Between January 2005 and June 2009, Barclays derivatives traders made a total of 257 requests to fix Libor and Euribor rates, according to a report by the FSA.

One Barclays trader told a trader from another bank in relation to three-month dollar Libor: "duuuude... what's up with ur guys 34.5 3m fix... tell him to get it up!".

2007

At the onset of the financial crisis in September 2007 with the collapse of Northern Rock, liquidity concerns drew public scrutiny towards Libor. Barclays manipulated Libor submissions to give a healthier picture of the bank's credit quality and its ability to raise funds. A lower submission would deflect concerns it had problems borrowing cash from the markets.

Barclays' Libor submissions were at the higher end of the range of contributing banks, and prompted media speculation about the true picture of the bank's risk and credit profile. 

Senior treasury managers instructed submitters to reduce Libor to avoid negative publicity, saying Barclays should not "stick its head above the parapet", according to the FSA report.

From as early as 28 August, the New York Fed said it had received mass-distribution emails that suggested that Libor submissions were being set unrealistically low by the banks.

On 28 November, a senior submitter at Barclays wrote in an internal email that "Libors are not reflecting the true cost of money", according to the FSA.

In December, a Barclays compliance officer contacted the UK banking lobby group British Bankers' Association (BBA) and the FSA and described "problematic actions" by other banks, saying they appeared to be understating their Libor submissions, according to US regulator the Commodity Futures Trading Commission (CFTC).

On 6 December, a Barclays compliance officer contacted the FSA, according to the FSA report, to express concern about the Libor rates being submitted by other banks, but did not inform the FSA that its own submissions were incorrect, instead saying that they were "within a reasonable range".

The FSA said that the same compliance officer then told Barclays senior management that he told the FSA "we have consistently been the highest (or one of the two highest) rate provider in recent weeks, but we're justifiably reluctant to go higher given our recent media experience", and that the FSA "agreed that the approach we've been adopting seems sensible in the circumstances".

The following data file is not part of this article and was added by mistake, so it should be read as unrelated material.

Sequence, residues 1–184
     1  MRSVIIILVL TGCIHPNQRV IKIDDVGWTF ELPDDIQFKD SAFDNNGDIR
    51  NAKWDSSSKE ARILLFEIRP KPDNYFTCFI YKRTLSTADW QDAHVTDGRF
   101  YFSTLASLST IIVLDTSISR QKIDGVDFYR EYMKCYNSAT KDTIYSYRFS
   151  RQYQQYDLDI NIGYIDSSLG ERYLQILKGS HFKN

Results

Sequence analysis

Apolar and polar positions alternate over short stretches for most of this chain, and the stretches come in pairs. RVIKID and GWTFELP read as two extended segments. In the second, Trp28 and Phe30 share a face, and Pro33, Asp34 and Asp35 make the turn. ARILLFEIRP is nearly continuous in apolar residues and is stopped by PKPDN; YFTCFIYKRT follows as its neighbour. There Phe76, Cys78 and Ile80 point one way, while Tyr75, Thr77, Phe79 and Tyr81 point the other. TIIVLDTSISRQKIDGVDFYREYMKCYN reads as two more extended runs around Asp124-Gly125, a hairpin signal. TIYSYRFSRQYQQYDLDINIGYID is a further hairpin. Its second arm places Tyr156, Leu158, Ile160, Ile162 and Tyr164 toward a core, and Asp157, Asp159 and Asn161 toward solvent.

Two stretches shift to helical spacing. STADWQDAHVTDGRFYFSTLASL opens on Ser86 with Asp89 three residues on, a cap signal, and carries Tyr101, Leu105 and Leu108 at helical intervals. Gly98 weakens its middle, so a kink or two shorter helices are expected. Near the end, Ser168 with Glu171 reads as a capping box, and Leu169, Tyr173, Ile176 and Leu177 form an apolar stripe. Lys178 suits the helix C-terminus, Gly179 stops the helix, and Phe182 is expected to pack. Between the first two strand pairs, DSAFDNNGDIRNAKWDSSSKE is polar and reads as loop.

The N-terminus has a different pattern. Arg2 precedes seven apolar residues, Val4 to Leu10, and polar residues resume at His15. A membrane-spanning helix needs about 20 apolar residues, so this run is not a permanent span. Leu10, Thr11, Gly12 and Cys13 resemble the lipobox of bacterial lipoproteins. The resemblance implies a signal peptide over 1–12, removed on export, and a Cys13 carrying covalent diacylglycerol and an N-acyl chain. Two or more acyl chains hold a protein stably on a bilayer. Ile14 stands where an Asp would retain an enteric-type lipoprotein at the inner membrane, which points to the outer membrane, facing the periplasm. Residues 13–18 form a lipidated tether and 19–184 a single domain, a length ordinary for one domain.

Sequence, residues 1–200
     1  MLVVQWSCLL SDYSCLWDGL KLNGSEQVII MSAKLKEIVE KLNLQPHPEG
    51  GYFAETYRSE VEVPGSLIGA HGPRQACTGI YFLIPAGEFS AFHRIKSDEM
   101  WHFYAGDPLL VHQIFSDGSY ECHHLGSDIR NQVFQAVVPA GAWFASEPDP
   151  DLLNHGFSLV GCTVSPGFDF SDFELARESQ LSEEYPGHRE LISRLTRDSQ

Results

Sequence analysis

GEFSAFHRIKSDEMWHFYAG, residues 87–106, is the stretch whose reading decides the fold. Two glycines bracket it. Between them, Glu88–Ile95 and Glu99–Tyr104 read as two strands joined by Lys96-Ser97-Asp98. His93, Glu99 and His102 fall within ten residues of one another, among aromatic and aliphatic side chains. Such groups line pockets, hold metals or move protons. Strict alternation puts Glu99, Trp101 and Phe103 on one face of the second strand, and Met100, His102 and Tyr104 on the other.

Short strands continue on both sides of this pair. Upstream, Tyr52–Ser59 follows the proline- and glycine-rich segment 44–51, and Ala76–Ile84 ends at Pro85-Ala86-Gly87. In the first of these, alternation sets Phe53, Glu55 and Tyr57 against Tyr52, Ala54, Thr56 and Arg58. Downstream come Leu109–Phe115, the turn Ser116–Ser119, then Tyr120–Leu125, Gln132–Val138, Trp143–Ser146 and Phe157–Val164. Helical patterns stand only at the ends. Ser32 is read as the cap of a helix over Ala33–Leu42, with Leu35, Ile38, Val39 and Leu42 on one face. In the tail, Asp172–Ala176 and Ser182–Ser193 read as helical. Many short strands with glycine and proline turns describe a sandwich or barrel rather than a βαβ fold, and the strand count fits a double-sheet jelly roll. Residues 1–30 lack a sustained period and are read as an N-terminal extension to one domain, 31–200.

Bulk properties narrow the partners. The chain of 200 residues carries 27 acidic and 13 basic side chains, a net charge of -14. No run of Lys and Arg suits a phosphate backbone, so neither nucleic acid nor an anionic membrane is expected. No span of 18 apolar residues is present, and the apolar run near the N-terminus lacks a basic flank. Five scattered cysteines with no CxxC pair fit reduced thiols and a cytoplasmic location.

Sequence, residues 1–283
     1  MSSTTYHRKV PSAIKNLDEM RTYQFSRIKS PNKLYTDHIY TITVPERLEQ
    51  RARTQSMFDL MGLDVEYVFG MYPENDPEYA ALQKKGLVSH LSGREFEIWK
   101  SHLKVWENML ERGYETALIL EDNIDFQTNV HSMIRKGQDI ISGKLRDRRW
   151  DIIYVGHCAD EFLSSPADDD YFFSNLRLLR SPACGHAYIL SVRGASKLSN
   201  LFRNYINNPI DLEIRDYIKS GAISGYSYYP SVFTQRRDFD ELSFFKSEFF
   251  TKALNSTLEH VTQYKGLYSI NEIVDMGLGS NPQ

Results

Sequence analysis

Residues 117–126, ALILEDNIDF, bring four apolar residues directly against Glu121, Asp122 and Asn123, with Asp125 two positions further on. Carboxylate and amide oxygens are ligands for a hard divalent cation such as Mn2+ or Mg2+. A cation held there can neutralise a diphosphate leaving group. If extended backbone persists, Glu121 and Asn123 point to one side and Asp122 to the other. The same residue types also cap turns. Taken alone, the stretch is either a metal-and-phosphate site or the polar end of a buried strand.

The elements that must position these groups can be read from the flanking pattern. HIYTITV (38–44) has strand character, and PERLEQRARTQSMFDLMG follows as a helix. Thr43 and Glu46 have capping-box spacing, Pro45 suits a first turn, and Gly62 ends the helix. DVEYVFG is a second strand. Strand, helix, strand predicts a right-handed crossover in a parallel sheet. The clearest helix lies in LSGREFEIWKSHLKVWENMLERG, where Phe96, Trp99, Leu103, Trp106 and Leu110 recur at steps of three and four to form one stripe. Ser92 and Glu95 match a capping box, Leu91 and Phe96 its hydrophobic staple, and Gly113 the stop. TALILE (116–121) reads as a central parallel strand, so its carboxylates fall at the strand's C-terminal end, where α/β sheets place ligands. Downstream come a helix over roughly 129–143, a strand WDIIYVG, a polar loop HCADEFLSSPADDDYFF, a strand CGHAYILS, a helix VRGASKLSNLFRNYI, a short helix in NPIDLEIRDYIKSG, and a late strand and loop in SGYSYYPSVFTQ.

In early December, the CFTC said that the Barclays employee responsible for submitting the bank's dollar Libor rates contacted it to complain that Barclays was not setting "honest" rates.

The employee emailed his supervisor about his concerns, saying: "My worry is that we (both Barclays and the contributor banle panel) are being seen to be contributing patently false rates.

"We are therefore being dishonest by definition and are at risk of damaging our reputation in the market and with the regulators. Can we discuss urgently please?"

On 6 December a Barclays compliance officer contacted the FSA about concerns over the levels that other banks were setting their US Libor rate. This was made after a submitter flagged to compliance his concern about mis-reporting the rate. Compliance informed the FSA that "we have consistently been the highest (or one of the two highest) rate provider in recent weeks, but we're justifiably reluctant to go higher given our recent media experience".

He also reported that the FSA "agreed that the approach we've been adopting seems sensible in the circumstances, so I suggest we maintain status quo for now".

In a phone call on 17 December a Barclays employee told the New York Fed that the Libor rate was being fixed at a level that was unrealistically low.